Partition Dependence in Subjective Probability Judgment
40 Pages
English

Partition Dependence in Subjective Probability Judgment

-

Downloading requires you to have access to the YouScribe library
Learn all about the services we offer

Description

DRAFT: 2/16/05 Comments welcome Subjective probability assessment in decision analysis: Partition dependence and bias toward the ignorance prior Craig R. Fox Robert T. Clemen The Anderson School of Management Fuqua School of Business and Department of Psychology Duke University University of California at Los Angeles Running Head: Partition Dependence of Subjective Probabilities Address Correspondence to: Robert T. Clemen Fuqua School of Business Duke University, Box 90120 Durham, NC 27708-0120 919-660-8005 clemen@duke.edu Subjective probability assessment in decision analysis: Partition dependence and bias toward the ignorance prior Abstract Decision and risk analysts have considerable discretion in designing procedures for eliciting subjective probabilities. One of the most popular approaches is to specify a particular set of exclusive and exhaustive events for which the assessor provides such judgments. We show that assessed probabilities are biased toward a uniform distribution over all events into which the relevant sample space happens to be partitioned. This gives rise to judged probabilities that vary systematically with the partition of the sample space that is being evaluated. We surmise that a typical assessor begins with an “ignorance prior” distribution that assigns equal probabilities to all specified events, then insufficiently adjusts those ...

Subjects

Informations

Published by
Reads 13
Language English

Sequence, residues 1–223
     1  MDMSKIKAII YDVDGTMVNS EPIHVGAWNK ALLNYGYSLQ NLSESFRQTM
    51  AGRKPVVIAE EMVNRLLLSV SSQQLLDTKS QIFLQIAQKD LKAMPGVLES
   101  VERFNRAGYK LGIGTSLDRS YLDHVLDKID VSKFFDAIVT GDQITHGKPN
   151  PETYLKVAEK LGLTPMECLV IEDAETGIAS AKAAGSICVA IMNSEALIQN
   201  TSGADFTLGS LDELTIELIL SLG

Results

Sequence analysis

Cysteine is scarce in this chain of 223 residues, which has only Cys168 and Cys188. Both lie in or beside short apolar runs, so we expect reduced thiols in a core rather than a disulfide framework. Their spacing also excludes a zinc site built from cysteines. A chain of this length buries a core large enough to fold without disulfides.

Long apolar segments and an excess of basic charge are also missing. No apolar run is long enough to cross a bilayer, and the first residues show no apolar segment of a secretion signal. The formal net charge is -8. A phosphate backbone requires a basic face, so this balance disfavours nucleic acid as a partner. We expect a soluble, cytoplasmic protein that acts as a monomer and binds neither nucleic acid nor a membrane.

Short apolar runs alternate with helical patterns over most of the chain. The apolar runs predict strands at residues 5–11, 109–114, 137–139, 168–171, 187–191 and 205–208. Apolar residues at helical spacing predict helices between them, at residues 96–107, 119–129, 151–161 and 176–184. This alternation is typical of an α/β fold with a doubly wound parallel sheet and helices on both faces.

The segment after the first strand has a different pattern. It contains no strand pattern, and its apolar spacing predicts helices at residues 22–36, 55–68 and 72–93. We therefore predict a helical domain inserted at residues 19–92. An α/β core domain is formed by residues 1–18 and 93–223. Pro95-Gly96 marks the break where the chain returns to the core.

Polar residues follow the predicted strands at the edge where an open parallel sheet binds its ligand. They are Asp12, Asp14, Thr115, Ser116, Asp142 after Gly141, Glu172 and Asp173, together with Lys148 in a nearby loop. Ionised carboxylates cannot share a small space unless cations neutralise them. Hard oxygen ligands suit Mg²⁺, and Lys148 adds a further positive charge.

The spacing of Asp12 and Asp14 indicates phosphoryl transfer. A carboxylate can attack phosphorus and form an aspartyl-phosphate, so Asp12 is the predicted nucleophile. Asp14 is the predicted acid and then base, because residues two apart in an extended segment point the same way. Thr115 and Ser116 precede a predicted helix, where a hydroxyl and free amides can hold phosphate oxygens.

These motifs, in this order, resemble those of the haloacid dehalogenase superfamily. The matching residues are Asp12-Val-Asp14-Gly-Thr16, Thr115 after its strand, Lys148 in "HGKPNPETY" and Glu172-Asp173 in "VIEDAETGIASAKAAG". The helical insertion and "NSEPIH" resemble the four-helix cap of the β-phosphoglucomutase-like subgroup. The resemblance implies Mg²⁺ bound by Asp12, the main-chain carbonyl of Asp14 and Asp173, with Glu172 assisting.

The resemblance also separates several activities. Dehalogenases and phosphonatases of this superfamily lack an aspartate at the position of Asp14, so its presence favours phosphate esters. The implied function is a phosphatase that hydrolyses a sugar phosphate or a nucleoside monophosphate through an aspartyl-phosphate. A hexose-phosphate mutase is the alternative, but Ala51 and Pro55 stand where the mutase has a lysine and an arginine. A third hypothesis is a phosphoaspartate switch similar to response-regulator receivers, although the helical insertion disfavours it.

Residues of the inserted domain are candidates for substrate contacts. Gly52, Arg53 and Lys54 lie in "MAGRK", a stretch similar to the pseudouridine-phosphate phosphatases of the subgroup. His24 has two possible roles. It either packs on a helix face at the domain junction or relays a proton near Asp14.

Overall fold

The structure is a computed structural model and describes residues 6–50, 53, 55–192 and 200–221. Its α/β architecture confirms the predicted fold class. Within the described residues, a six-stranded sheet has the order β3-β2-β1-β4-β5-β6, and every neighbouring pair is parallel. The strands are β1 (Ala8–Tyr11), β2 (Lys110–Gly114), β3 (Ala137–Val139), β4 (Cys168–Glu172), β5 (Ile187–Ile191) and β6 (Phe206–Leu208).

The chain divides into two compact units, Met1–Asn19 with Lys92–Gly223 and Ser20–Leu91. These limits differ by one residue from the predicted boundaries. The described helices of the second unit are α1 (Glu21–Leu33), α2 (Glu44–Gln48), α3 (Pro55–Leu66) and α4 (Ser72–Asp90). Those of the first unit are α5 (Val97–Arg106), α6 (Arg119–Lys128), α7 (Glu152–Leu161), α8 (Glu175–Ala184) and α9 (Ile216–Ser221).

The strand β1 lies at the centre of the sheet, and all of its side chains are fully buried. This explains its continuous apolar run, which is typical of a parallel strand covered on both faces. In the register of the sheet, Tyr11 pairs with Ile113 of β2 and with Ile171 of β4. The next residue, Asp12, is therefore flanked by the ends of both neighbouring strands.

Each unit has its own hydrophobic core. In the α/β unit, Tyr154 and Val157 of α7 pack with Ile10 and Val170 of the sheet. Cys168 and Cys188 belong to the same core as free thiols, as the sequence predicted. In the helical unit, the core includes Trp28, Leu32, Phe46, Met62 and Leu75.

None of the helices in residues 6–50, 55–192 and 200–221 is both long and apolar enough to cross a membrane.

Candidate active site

DRAFT: 2/16/05 Comments welcome Subjective probability assessment in decision analysis: Partition dependence and bias toward the ignorance prior Craig R. Fox Robert T. Clemen The Anderson School of Management Fuqua School of Business and Department of Psychology Duke University University of California at Los Angeles Running Head: Partition Dependence of Subjective Probabilities Address Correspondence to: Robert T. Clemen Fuqua School of Business Duke University, Box 90120 Durham, NC 27708-0120 919-660-8005 clemen@duke.edu Subjective probability assessment in decision analysis: Partition dependence and bias toward the ignorance prior Abstract Decision and risk analysts have considerable discretion in designing procedures for eliciting subjective probabilities. One of the most popular approaches is to specify a particular set of exclusive and exhaustive events for which the assessor provides such judgments. We show that assessed probabilities are biased toward a uniform distribution over all events into which the relevant sample space happens to be partitioned. This gives rise to judged probabilities that vary systematically with the partition of the sample space that is being evaluated. We surmise that a typical assessor begins with an “ignorance prior” distribution that assigns equal probabilities to all specified events, then insufficiently adjusts those probabilities to reflect his or her beliefs concerning how the likelihoods of the events differ. In five studies, we demonstrate partition dependence for both discrete events and continuous variables (Studies 1 and 2), show that the bias decreases with increased domain knowledge (Studies 3 & 4), and that top experts in decision analysis are susceptible to this bias (Study 5). We relate our work to previous research on the “pruning bias” in fault-tree assessment (e.g., Fischhoff, Slovic, & Lichtenstein, 1978) and show that previous explanations of pruning bias (enhanced availability of events that are explicitly specified, ambiguity in interpreting event categories, demand effects) cannot fully account for partition dependence. We conclude by discussing implications for decision analysis practice. Key Words: Probability assessment, risk assessment, subjective probability bias, fault tree Partition Dependence of Subjective Probabilities Page 1 1. Introduction Decision and risk analysis models often require assessment of subjective probabilities for uncertain events, such as the failure of a dam or a rise in interest rates. Speztler and Staël Von Holstein (1975) were the first to describe practical procedures for eliciting subjective probabilities from experts. Their procedures are still in use, largely unchanged, as reflected in work by Clemen and Reilly (2001), Cooke (1991), Keeney and von Winterfeldt (1991), Merkhofer (1987), and Morgan and Henrion (1990). Human limitations of memory and information processing capacity often lead to subjective probabilities that are poorly calibrated or internally inconsistent, even when assessed by experts (see, e.g., Kahneman, Slovic, & Tversky, 1982; Gilovich, Griffin, & Kahneman, 2002). In this paper we study a particular bias in probability assessment that arises from the initial structuring of the elicitation. At this stage the analyst, sometimes with the assistance of an expert, identifies relevant uncertainties and may partition each corresponding state space into a finite number of exclusive and exhaustive events for which probabilities will be judged. Although existing probability-assessment protocols provide guidance on important steps in the elicitation process (e.g., identifying and selecting experts, training experts in probability elicitation, the probability assessment itself), little attention has been given to the choice of specific events to be assessed. In developing an elicitation structure, the analyst chooses the frame within which the expert assesses and communicates his or her probabilistic beliefs. If the uncertain event is defined by a continuous variable, the analyst may specify intervals for which the expert will assess probabilities. Sometimes these intervals are defined by salient reference points such as the status quo or target values. For instance, an expert might be asked to assess probabilities that next quarter’s sales will rise or fall relative to their current level or to assess the probabilities that completion time for a project will exceed or fall within the budgeted time. Intervals may also be dictated by thresholds relevant to the decision. For instance, a farmer might assess the probabilities that next year’s crop price will exceed or fail to exceed 38 cents per bushel because only a price above that threshold would justify the purchase of an adjacent plot of land. If no obvious threshold values exist, the analyst and expert must agree on a more arbitrary set Partition Dependence of Subjective Probabilities Page 2 of intervals. For example, the expert may be asked to evaluate the probabilities that first year sales on a new product will fall in the following ranges: low (0 to 1000 units), medium (1001-2000 units), and high (more than 2000 units). Analysts typically assume that the particular choice of intervals does not unduly influence assessed probabilities. Unfortunately, our experimental results demonstrate that this assumption is unfounded: assessed probabilities can vary substantially with the particular partition that the analyst chooses. We refer to this phenomenon as partition dependence (see also Fox & Rottenstreich, 2003). It is more general than the pruning bias documented in the assessment of fault trees by Fischhoff, Slovic, and Lichtenstein (1978) (hereafter FSL), in which particular causes of a system failure (e.g., reasons why a car might fail to start) are judged more likely when they are explicitly identified (e.g., dead battery, ignition system) than when pruned from the tree and relegated to a residual catch-all category (“all other problems”). Most previous investigators have interpreted pruning bias as an availability or salience effect: when particular causes are singled out and made explicit rather than included implicitly in a catch-all category, people are more likely to consider those causes in assessing probability; as FSL put it, “what is out of sight is also out of mind” (p.333). Our goal in this paper is to extend the investigation of pruning bias from fault trees to the more general problem of probability assessment of event trees. Our studies suggest that the traditional availability-based account does not fully explain pruning bias or the more general phenomenon of partition dependence. We propose an alternative mechanism: a judge begins with equal probabilities for all events to be evaluated and then adjusts this uniform distribution based on his or her beliefs about how the likelihoods of the events differ. Bias arises because the adjustment is typically insufficient. Although current best practices in subjective probability elicitation are designed to guard against availability and the other major causes of pruning bias that have been previously advanced in the literature, such best practices provide inadequate protection against a more pervasive tendency to anchor on equal probabilities. Understanding the nature and causes of partition dependence can help analysts identify Partition Dependence of Subjective Probabilities Page 3 conditions under which this bias may arise, predict conditions that may exacerbate or mitigate the effect, and develop more effective debiasing techniques. In the following section of this paper we review literature on pruning bias and partition dependence. In §3 we describe a series of studies that document the robustness of partition dependence across a variety of contexts beyond fault trees, provide support for our interpretation of this phenomenon, and cast doubt on the necessity of alternative accounts that have been proposed to explain pruning bias. We close with a discussion of the interpretation and robustness of partition dependence, other manifestations of this phenomenon, and prescriptive implications of our results. 2. Literature Review FSL presented professional automobile mechanics and laypeople with trees that identified several categories of reasons why a car might fail to start as well as a residual category of reasons labeled “all other problems.” Participants were asked to estimate the number of times out of 1000 that a car would fail to start for each of the categories of causes specified. When the experimenters removed (pruned) specific categories of causes from the tree (e.g., fuel system defective) and relegated them to the residual category as in Figure 1, the judged probability of the residual category, as assessed by a new a group of participants, did not increase by a corresponding amount. Instead, the probability for the categories that were pruned from the tree tended to be distributed across all of the remaining categories. Because the probability assigned to the residual category in the pruned tree was lower than the sum of probabilities of corresponding events in the unpruned tree, the pattern has subsequently come to be known as the pruning bias (e.g., Russo & Kolzow, 1994). Since the publication of FSL, numerous authors have replicated and extended the basic result and proposed three major explanations for pruning bias: availability, ambiguity, and credibility. Below we review each of these accounts. Availability. In explaining pruning bias, FSL invoked the availability heuristic (Tversky & Kahneman, 1973): judged probabilities depend on the ease with which instances can be recalled or scenarios constructed. In the case of fault trees, explicitly mentioning a cause or category of causes will Partition Dependence of Subjective Probabilities Page 4 make that cause or category more salient, easing retrieval of related instances or construction of relevant scenarios, and hence leading to an increase in the corresponding judged probability. Support for such a mechanism has been provided by a number of researchers since FSL, notably Van der Pligt, Eiser, and 1Speark (1987), Dubé-Rioux and Russo (1988), Russo and Kolzow (1994), and Ofir (2000). Ambiguity. Hirt and Castellan (1988) argued that some categories of problems in FSL’s automobile fault tree are ambiguous. For example, suppose that the branch labeled “battery charge insufficient” were removed from the tree. Specific causes that might fit into that category, such as “faulty ground connection” or “loose connection to alternator,” could just as well be assigned to a remaining branch labeled “ignition system defective” as to the residual “all other causes” category. Such ambiguous mapping of specific causes to categories could give rise to the observed pattern in which probabilities of pruned branches are distributed across remaining branches. Credibility. A third explanation of the pruning bias is that people assume a credible real-world fault tree would list enough possible causes so that the catch-all category would be relatively unlikely, and each explicitly listed cause should have a nontrivial probability (Dubé-Rioux & Russo, 1988; see also FSL, pp. 340-341). This argument suggests that the pruning bias represents a demand effect (Clark, 1985; Grice, 1975; Orne, 1962), whereby a participant considers the assessment as an implicit conversation with the experimenter in which the experimenter is expected to adhere to accepted conversational norms, including the expectation that any contribution should be relevant to the aims of the conversation. In the case of fault trees, the probability assessor may presume that any branch (other than the catch-all) for which a probability is solicited must have a nontrivial probability; otherwise the probability of that item would be irrelevant and therefore the query would violate conversational norms. FSL were able to cast 1 Ofir (2000) noted that the original characterization of the availability heuristic (Tversky & Kahneman, 1973) is that people sometimes judge likelihood by ease of retrieval (i.e., how readily instances come to mind) and not the content of retrieval (i.e., the number of instances retrieved; see Schwarz et al., 1991). His data suggest that people with less domain knowledge rely on the ease with which they can retrieve specific causes (i.e., the availability heuristic), whereas people with more domain knowledge are influenced by the absolute number of specific causes that come to mind. Regardless of how an expert assesses likelihood (by ease of retrieval, content of retrieval, or some other mechanism), the availability-based account of pruning bias holds that specific causes or events are more likely to be considered when they are explicitly identified than when they are implicit constituents of a superordinate category. Partition Dependence of Subjective Probabilities Page 5 doubt on the credibility account in their studies, because the mean probability assigned to the least important of seven branches was only 0.033, and the catch-all category received a higher mean probability than the least probable identified category (Study 1). In an attempt to disentangle the roles of availability, ambiguity, and credibility as potential explanations of pruning bias, Russo and Kolzow (1994) presented MBA students with two full or pruned fault trees that listed 7 or 4 categories of fault including a catch-all: one tree entailed causes of death for a randomly selected individual and the other was FSL’s reasons for a car not starting. Participants then completed three steps: (1) They generated more specific causes for each branch, (2) they classified a standard set of specific causes into categories, and (3) they estimated the likelihood of each branch. The authors argued that the availability explanation attributes bias to the first stage (hypothesis generation), the ambiguity explanation attributes bias to the second stage (hypothesis categorization), and the credibility explanation attributes bias primarily to the third stage (likelihood assessment). Results replicated the pruning bias for both trees and found a concomitant effect on the number of specific causes that could be generated (the more causes that came to mind the higher the judged probability), thereby supporting an availability-based interpretation. Although participants misclassified more than half of the causes in the automobile tree, they misclassified only one cause in seven for the causes-of-death tree, suggesting that ambiguity is not necessary to produce pruning bias. One group of participants was told that the categories were constructed by a panel of experts, a second group was told that they had been generated from responses of a group of 15-year-old students, and a third (control) group was told nothing about the source of the tree. The credibility account suggests that the catch-all category should receive relatively low probabilities in the control condition, roughly the same probabilities in the “expert” condition (because the credibility account assumes the default should be an expert tree), and somewhat higher probabilities in the “student” condition (because young students do not necessarily produce credibly complete trees). Instead, Russo & Kolzow (1994) found that the catch-all category was assigned similar probabilities in the student and control conditions and it was assigned somewhat lower probability Partition Dependence of Subjective Probabilities Page 6 in the expert condition. Thus it appears that when the source of the tree was not identified the perceived credibility of the trees was not a significant factor underlying the observed pruning bias. Although the three foregoing accounts (availability, ambiguity, credibility) may all contribute to some instances of pruning bias, and although availability appears to be the most robust mechanism, we assert that even availability does not provide an adequate explanation of pruning bias. In particular, the availability account predicts that there should be little or no effect of pruning causes from a full tree if these causes are explicitly mentioned as part of the catch-all category (so that the pruned causes are no longer out of sight even though their probabilities are not assessed separately). However, when FSL did this (Study 5) they nevertheless observed a strong pruning bias—a result that has received surprisingly little subsequent attention in the literature and which begs for a new interpretation of the phenomenon. Anchoring and insufficient adjustment. We propose a fourth mechanism driving pruning bias: people anchor on a uniform distribution of probability across all branches of the fault tree and adjust according to features that distinguish each branch. Because such adjustment is usually insufficient (Tversky & Kahneman, 1974; Epley & Gilovich, 2001), assessors are biased toward probabilities of 1/n for each of n branches in the tree. To illustrate, consider a fault tree consisting of seven branches plus a residual category. According to the anchoring account, the assessed probability of the residual will be biased toward 1/8 because it is one branch of eight. Now imagine pruning this tree so that three branches remain, plus a residual category. Although the residual subsumes five of the original branches, it now represents a single branch of four. The anchoring account predicts that the assessed probability of the residual in this pruned tree will be biased toward 1/4 rather than 5/8 and that the remaining branches will be biased toward 1/4 rather than 1/8. Starting with equal probabilities for all branches can be interpreted as an intuitive application of the so-called “principle of insufficient reason” that has been attributed to Leibniz and Laplace (Hacking, 1975). We say that a probability assessor adopts an ignorance prior, by which we mean a default judgment that category probabilities are equal. Taking equal probabilities as a starting point, a probability assessor then adjusts (usually insufficiently) to account for his or her beliefs about how the likelihood of Partition Dependence of Subjective Probabilities Page 7 the events differ. Although we interpret our results in terms of anchoring and insufficient adjustment, a bias toward the ignorance prior may also be driven in some cases by enhanced accessibility of information that is consistent with an equal distribution of probability (Chapman & Johnson, 2002) or the intrusion of error variance into the processing of frequency information (Fielder & Armbruster, 1994). The anchoring hypothesis has not been extensively investigated and the existing empirical evidence for it is rather indirect. Van Schie and van der Pligt (1990) asked undergraduates to estimate the proportion of acid rain that could be attributed to various causes and found that the cause “traffic” received a median rating of 14% in a (full) eight-branch tree and a median rating of 24% in a (pruned) four-branch tree, very close to the corresponding ignorance prior probabilities of 1/8 and 1/4, respectively. Johnson, Rennie, and Wells (1991) asked undergraduates to judge the relative frequency of possible outcomes when a baseball player is at bat (e.g., single, double, out), the true values of which were known to the experimenters. Participants tended to underestimate relative frequencies when the corresponding ignorance prior was below the true value and overestimate when the corresponding ignorance prior was above the true value. Harries and Harvey (2000, pp. 441-442) obtained a similar result using a causes-of-death probability estimation task. Russo and Kolzow (1994, p. 26, footnote 13) asked participants “what should be” the probability of a residual category for a typical tree with different numbers (n) of labeled branches and observed that responses provided a “remarkable fit” to the formula p =1/(n+1), the ignorance prior. n In the section that follows we offer more direct evidence that pruning bias is driven by a tendency to allocate probability evenly across all events into which the event space happens to be partitioned. In five experiments we extend the observation of partition dependence from the narrow domain of fault trees (judgments of the relative frequency of various categories of fault in a system) to the more general domain of assessed probabilities of uncertain events. We demonstrate that even sophisticated probability assessors are susceptible to partition dependence in situations where the availability, ambiguity, and credibility mechanisms can be largely ruled out. Thus, we show that reliance on ignorance priors is the most robust source of partition dependence and that bias in subjective probability assessment may be more prevalent than has been previously supposed. Partition Dependence of Subjective Probabilities Page 8 Of course the mechanisms four mechanisms reviewed here are not mutually exclusive. But to the extent that pruning bias is driven by the traditional explanations discussed in the literature (availability, ambiguity, credibility), existing best practices should mitigate their impact. For example, conditioning of experts (e.g., Merkhofer, 1987) draws out extensive knowledge about the topic at hand and hence may reduce availability effects. Use of the clarity test (Howard, 1988) is designed explicitly to banish ambiguity of categories from the assessment task. Involving the expert in structuring the elicitation may reduce any potential credibility effects. However, to the extent that pruning bias is driven by a more general tendency to anchor on the ignorance prior, none of these best practices will protect the procedure against systematic bias, and new corrective procedures will be called for. 3. Experimental Evidence Study 1: Separate evaluation of events trumps separate description of events. Most studies of fault trees have confounded whether particular causes were explicitly identified with whether participants were asked to assess probabilities of those causes. A straightforward reading of the availability account predicts that the probability assigned to a particular category will increase when it is explicitly identified in the tree but will not be affected by whether it is evaluated separately or with other causes. In contrast, the ignorance prior account predicts that the distribution of probabilities will be affected primarily by the number of branches that are explicitly evaluated. As mentioned earlier, some studies (including FSL’s Experiment 5) have found that, holding descriptions constant, events are generally assigned higher probabilities when split into multiple branches that are evaluated separately. Likewise, in their formulation of support theory, Rottenstreich and Tversky (1997) found that although unpacking a category (e.g., homicide) into a disjunction of subcategories (e.g., homicide by an acquaintance or homicide by a stranger) generally increases judged probability, separate assessment of the subcategories increases aggregate judged probabilities still further. A subsequent review of several studies (in Sloman, et al., 2004) found that the effect of separate evaluation is more robust and more pronounced than that of unpacking the description. This pattern is consistent the notion that judged probabilities are affected more by a bias toward 1/2 for each event that is evaluated (1/2 is the ignorance